World View: China Orders Hong Kong to Disqualify Anyone Not Taking ‘Sincere’ Loyalty Oath to China

The Associated Press
The Associated Press

This morning’s key headlines from

  • China orders Hong Kong to disqualify anyone not taking ‘sincere’ loyalty oath to China
  • Hong Kong police prepare for massive street protests
  • Advice on traveling to China

China orders Hong Kong to disqualify anyone not taking ‘sincere’ loyalty oath to China

A protester raises a yellow umbrella in front of a line of police officers in Hong Kong on Sunday
A protester raises a yellow umbrella in front of a line of police officers in Hong Kong on Sunday

Mainland China has preempted Hong Kong’s courts by ordering Hong Kong to “reinterpret” its laws so that the two pro-democracy “localists” who changed the wording of their oath of office will not be able to enter the legislature by taking the oath again.

China suffered a stinging defeat when a September 4 election gave pro-democracy or “localist” candidates 27 out of 70 seats in the Legislative Council of Hong Kong (LegCo). Two of those elected, Yau Wai-ching and Sixtus Baggio Leung Chun-hang, from “Youngspiration,” went beyond “pro-democracy” to advocating full Hong Kong independence from China. When they took their oaths of office on October 12, they changed the wording of the official oath of office to express support for Hong Kong’s independence. They also referred to China as “Chee-na,” mimicking the derogatory Shina used by Japan during the second world war. The Hong Kong courts were asked to decide whether the two should be permitted to re-take their oaths, or be completely disqualified from entering LegCo.

On Monday, Beijing’s National People’s Congress (NPC) Standing Committee “reinterpreted” Hong Kong laws, essentially ordering the Hong Kong government to disqualify the two, and possibly others who have ever supported independence. The oath must be taken “sincerely and solemnly,” and must “bear allegiance to the Hong Kong Special Administrative Region of the People’ s Republic of China.”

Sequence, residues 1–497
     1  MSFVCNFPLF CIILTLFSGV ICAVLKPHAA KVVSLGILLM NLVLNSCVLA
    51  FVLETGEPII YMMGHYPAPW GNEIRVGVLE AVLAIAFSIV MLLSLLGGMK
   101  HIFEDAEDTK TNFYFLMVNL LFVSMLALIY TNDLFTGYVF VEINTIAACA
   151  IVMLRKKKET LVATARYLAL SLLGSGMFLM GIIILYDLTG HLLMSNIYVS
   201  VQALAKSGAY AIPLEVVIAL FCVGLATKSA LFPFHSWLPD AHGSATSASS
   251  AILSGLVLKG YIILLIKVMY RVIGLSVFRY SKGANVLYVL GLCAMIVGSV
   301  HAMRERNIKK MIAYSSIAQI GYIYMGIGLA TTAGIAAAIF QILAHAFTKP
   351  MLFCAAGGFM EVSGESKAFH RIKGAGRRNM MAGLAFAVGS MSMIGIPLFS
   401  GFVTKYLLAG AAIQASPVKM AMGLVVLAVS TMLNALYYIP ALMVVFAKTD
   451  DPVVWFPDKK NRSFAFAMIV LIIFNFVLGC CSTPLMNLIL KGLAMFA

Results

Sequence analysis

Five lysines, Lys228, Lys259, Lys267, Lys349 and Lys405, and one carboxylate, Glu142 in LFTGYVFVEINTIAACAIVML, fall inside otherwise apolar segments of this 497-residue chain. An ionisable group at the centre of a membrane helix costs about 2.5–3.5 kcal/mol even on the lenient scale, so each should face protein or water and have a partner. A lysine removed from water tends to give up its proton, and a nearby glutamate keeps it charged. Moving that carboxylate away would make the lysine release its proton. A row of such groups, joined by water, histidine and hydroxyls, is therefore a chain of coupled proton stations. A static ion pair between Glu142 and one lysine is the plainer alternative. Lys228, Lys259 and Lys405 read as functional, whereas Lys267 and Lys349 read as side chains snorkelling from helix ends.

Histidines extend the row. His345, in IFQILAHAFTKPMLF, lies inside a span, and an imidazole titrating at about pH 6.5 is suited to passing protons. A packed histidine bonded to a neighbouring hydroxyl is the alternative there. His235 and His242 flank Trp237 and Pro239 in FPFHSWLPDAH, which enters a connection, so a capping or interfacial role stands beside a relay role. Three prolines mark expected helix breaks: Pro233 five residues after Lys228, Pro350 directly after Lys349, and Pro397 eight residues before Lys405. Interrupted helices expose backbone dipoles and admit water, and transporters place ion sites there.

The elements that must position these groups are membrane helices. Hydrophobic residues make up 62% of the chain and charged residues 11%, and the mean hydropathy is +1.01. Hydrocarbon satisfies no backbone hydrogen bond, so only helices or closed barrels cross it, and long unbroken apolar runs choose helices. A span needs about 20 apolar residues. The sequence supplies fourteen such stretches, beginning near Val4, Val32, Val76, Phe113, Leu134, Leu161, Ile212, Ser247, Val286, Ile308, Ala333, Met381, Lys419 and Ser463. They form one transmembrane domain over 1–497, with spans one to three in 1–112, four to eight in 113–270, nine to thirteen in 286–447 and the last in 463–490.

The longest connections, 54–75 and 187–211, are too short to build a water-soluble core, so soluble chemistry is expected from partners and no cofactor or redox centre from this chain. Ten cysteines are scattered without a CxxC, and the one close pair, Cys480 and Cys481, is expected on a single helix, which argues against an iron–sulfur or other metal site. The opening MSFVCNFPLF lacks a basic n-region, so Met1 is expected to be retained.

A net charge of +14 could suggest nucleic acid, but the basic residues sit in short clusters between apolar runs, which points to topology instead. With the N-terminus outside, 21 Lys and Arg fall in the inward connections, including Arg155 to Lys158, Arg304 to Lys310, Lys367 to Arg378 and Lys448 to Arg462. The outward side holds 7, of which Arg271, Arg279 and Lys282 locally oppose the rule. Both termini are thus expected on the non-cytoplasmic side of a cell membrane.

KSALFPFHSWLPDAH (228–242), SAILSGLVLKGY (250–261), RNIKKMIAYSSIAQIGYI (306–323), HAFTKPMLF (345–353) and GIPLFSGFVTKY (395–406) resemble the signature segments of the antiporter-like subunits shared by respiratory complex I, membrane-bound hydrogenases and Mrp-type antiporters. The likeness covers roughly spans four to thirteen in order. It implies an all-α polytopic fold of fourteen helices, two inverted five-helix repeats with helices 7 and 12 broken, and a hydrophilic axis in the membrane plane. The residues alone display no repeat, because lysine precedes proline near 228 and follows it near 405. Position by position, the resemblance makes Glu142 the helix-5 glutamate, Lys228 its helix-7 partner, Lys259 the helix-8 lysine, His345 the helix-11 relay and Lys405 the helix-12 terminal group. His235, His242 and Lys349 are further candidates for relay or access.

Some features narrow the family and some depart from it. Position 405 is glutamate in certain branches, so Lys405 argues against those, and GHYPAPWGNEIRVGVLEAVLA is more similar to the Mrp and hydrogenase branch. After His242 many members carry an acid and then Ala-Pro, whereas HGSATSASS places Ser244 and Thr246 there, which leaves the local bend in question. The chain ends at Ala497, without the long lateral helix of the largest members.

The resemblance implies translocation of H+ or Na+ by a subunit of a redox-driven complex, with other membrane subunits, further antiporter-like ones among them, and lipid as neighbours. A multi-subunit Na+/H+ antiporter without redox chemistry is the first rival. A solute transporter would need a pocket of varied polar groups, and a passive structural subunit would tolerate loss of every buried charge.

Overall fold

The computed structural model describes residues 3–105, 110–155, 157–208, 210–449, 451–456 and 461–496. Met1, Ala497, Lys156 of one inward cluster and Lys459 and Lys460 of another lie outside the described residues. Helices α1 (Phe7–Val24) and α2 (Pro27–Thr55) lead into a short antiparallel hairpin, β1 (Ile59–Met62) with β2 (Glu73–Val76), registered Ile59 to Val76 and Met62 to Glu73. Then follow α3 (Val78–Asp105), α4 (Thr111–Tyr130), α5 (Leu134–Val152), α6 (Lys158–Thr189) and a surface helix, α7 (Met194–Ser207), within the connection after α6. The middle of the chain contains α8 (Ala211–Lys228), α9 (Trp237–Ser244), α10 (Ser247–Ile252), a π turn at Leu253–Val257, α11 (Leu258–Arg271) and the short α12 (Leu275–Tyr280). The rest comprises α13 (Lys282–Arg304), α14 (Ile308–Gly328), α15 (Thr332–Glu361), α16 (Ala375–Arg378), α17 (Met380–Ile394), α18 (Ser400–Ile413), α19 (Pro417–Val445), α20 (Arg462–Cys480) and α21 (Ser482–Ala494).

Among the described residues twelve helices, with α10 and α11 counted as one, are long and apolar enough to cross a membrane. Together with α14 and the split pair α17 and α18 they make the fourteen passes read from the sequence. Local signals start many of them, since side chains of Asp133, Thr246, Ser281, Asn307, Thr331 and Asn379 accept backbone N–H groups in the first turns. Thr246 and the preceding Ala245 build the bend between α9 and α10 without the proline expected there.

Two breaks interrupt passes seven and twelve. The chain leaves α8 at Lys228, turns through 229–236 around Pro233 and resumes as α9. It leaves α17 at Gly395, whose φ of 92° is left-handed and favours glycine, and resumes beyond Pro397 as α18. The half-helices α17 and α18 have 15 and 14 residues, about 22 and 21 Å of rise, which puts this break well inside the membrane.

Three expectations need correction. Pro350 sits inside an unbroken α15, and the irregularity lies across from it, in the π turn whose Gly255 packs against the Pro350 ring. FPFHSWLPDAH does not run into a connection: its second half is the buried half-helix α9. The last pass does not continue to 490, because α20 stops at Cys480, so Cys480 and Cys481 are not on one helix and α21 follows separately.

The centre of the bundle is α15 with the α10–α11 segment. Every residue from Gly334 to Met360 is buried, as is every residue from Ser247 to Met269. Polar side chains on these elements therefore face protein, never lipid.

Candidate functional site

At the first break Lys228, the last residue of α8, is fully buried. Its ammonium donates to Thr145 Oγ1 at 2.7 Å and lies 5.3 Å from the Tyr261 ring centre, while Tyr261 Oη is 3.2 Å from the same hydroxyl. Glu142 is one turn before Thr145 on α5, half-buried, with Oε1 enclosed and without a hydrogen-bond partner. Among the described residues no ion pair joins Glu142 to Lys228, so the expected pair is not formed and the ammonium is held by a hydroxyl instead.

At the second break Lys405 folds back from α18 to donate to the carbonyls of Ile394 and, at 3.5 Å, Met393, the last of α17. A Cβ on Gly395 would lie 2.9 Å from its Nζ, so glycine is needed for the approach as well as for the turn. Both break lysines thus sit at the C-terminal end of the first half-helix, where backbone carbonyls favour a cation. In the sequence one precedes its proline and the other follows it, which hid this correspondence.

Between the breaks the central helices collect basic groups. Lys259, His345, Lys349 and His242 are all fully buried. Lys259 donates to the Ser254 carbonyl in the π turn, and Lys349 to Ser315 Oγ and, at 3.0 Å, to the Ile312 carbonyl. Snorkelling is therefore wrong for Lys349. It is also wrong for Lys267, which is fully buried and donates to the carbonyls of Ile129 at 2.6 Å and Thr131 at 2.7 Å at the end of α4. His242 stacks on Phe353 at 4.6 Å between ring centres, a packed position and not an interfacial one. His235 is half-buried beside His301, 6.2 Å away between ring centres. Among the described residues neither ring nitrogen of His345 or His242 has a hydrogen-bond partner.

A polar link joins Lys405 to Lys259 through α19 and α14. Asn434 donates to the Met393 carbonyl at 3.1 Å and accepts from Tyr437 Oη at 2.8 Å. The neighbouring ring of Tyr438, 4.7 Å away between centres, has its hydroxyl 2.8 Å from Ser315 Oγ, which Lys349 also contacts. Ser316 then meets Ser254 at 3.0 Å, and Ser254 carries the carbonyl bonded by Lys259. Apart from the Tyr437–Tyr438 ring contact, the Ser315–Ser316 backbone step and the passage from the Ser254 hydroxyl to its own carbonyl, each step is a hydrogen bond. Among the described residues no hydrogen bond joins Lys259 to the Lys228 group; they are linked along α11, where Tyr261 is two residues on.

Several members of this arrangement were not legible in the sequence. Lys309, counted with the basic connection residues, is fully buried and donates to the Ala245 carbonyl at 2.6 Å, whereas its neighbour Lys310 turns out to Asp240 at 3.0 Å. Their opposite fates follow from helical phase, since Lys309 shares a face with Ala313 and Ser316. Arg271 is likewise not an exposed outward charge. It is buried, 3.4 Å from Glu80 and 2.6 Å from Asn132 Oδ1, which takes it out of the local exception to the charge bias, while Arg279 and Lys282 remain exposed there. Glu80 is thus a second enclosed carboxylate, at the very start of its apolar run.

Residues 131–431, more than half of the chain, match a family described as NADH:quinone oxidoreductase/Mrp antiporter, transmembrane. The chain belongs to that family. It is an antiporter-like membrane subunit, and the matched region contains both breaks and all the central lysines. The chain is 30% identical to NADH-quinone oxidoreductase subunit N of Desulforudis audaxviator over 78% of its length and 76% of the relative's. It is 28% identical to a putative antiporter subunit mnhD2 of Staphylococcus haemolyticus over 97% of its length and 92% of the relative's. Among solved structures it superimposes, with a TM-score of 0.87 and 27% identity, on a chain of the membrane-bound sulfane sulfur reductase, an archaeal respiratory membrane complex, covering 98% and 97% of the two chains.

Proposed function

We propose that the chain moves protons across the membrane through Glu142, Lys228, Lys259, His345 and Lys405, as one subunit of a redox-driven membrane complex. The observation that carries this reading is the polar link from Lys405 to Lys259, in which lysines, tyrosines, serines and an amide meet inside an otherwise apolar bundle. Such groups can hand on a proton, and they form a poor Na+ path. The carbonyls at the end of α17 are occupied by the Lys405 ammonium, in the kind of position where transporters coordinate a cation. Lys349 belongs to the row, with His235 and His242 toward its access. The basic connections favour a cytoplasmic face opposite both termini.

In addition, China may revive a long-dormant national security law that was dropped in the past. That law would provide legislation covering secession, subversion, theft of state secrets, and activities of foreign political organizations. Xinhua and South China Morning Post (Hong Kong) and Hong Kong Free Press and Bloomberg

Hong Kong police prepare for massive street protests

Police in Hong Kong used pepper spray on Sunday to disperse 8,000 to 10,000 demonstrators protesting against the expected decision by Beijing to “reinterpret” Hong Kong laws. Some of the demonstrators used umbrellas to protect themselves from the pepper spray, as they had done during the 2014 demonstrations that launched the “umbrella revolution.”

Hong Kong is deploying some 2,000 police officers around the clock this week, in preparation for further protests.

Several commentators have pointed out that Hong Kong politics has become more confrontational. In the past, when institutions were led by survivors of the bloody Communist Revolution, protestors saw peaceful protest as the best way to bring about change.

However, as survivor generations have died off, and radical new generations have come of age, protestors are argument that peaceful protests have achieved nothing, and that more confrontational tactics are required.

One can easily see that this won’t end well. Hong Kong is only going to become more radicalized, and Beijing is only going to become more anxious and nationalistic. The same is true in Taiwan, and even in Tibet and Xinjiang. At some point, the Chinese Communist Party in Beijing will decide that enough is enough. South China Morning Post (Hong Kong) and BBC

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Advice on traveling to China

Are you planning a trip to China? A number of Holly pros offer the following advice:

  • Never, ever, ever check anything.
  • Pack Western medicines — cold remedies, Tylenol, Sudafed, surgical masks (to combat air pollution), and so forth.
  • Carry both a primary and duplicate passport. Apply for a duplicate via the State Department web site.
  • Consider an Asia-Pacific Economic Cooperation business travel card(
  • Within China, consider taking trains, since planes are less reliable.

Hollywood Reporter

KEYS: Generational Dynamics, China, Hong Kong, Legislative Council of Hong Kong, LegCo, Yau Wai-ching, Sixtus Baggio Leung Chun-hang, National People’s Congress Standing Committee, NPC, Umbrella Revolution, Taiwan, Tibet, Xinjiang
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